Trivia question for Oct-21-2011
Carter’s turn and he picked a colorful bird for his trivia. These birds are the tallest and most strikingly colored of their species in Africa. Their broad wings allow it to soar above the plains. It is spectacularly plumaged, identical in male and female. The head, neck, back, wings, and tail are iridescent black, with the rest of the body and the primary flight feathers being white. Juveniles are browner grey in plumage. The massive bill is red with a black band and a yellow frontal shield. The legs and feet are black with pink knees. On the chest is a bare red patch of skin, whose color darkens during breeding season.
Like most of its relatives, these birds feed mainly on fish, frogs and crabs, but also on small birds and reptiles. They move in a deliberate and stately manner as they hunt, in a similar way to the larger herons.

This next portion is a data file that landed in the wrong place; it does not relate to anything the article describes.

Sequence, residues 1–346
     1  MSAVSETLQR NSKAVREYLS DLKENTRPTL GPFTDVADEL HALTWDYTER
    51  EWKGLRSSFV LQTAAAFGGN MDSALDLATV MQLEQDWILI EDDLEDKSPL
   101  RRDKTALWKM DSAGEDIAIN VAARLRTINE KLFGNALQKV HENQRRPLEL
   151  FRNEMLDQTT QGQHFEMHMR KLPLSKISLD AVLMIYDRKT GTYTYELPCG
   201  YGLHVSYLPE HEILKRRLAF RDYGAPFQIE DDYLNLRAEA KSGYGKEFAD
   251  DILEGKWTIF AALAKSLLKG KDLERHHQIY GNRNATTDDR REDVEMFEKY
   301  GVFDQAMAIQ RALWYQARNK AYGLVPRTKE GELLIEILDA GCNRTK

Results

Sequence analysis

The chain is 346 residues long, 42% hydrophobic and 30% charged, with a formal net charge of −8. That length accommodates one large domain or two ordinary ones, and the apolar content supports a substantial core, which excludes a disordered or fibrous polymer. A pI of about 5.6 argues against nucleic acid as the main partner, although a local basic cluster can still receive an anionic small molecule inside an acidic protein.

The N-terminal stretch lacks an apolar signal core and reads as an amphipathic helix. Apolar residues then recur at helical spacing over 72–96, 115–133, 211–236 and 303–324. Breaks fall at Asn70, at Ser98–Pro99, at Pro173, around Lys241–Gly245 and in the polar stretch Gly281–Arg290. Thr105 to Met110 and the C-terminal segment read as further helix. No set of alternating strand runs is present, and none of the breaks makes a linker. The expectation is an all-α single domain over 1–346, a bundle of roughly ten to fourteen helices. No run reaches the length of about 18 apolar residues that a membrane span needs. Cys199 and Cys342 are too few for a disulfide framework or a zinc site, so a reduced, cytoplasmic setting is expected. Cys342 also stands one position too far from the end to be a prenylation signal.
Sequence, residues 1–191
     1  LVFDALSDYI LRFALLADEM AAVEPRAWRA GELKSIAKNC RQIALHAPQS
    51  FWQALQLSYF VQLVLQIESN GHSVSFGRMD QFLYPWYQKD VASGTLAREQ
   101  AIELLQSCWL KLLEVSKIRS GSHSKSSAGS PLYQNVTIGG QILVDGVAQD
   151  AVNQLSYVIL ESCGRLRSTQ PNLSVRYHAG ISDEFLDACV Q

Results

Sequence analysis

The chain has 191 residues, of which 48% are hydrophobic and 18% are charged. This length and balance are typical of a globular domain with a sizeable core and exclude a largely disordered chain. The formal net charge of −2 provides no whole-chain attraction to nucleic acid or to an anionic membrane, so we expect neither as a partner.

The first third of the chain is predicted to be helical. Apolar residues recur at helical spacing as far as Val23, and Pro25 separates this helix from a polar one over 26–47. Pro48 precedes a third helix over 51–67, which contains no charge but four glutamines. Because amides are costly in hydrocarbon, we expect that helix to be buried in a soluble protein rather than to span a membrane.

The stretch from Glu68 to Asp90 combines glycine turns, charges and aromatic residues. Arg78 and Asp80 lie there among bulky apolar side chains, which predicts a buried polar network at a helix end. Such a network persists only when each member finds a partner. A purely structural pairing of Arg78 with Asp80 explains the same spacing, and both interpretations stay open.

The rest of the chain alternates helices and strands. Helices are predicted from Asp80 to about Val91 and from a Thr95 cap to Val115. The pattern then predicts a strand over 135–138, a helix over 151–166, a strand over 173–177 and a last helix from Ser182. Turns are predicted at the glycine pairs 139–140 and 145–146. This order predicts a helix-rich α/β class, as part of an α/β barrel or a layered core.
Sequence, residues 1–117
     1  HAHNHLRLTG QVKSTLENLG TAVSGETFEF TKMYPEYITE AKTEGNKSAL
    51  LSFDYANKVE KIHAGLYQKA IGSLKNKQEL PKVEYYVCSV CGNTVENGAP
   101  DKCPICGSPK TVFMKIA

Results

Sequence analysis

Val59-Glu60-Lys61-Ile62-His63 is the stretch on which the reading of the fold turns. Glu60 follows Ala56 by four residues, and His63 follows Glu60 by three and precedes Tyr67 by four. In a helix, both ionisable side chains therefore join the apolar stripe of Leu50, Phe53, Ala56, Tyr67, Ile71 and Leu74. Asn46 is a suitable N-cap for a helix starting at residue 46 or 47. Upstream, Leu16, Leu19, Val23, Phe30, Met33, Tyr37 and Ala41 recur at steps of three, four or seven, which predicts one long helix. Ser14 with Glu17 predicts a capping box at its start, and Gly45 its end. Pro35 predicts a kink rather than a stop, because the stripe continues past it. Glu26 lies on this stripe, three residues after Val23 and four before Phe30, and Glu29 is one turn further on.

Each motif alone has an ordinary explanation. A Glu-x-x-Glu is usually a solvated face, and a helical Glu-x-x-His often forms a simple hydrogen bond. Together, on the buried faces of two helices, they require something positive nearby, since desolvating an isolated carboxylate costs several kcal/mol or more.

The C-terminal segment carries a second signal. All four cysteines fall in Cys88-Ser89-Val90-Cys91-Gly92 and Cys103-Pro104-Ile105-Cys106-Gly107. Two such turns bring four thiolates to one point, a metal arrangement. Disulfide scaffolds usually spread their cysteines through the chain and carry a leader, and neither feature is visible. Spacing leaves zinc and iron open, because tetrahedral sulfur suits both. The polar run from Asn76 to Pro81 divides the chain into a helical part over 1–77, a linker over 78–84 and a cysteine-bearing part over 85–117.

So here are Carter’s questions: Tell us what kind of bird this is and where they like to build their nests? Also, tell us what these birds do to a catfish before swallowing them?
Good Luck 😉
Congratulations goes out again to our faithful follower Tami Kannenberg for being the first to answer all our questions correctly. The colorful bird we featured is the Saddle-Billed Stork. The Saddle-billed Stork is a large wading bird in the stork family. It is a widespread species which is a resident breeder in sub-Saharan Africa from Sudan, Ethiopia and Kenya south to South Africa, and in The Gambia, Senegal, Côte d’Ivoire and Chad in west Africa. This is a close relative of the widespread Asian Black-necked Stork.
These large birds build vast nest high in the canopies of tall trees or deep within wetlands, out of the reach of predators. An abandoned saddle-billed stork’s massive nest may be used by other large birds such as secretary birds. The Saddle-Billed Stork snips off the spines and ‘whiskers’ of catfish before swallowing them. Here is more on these sharp birds: Saddle-Billed Stork
Thanks for playing along 😉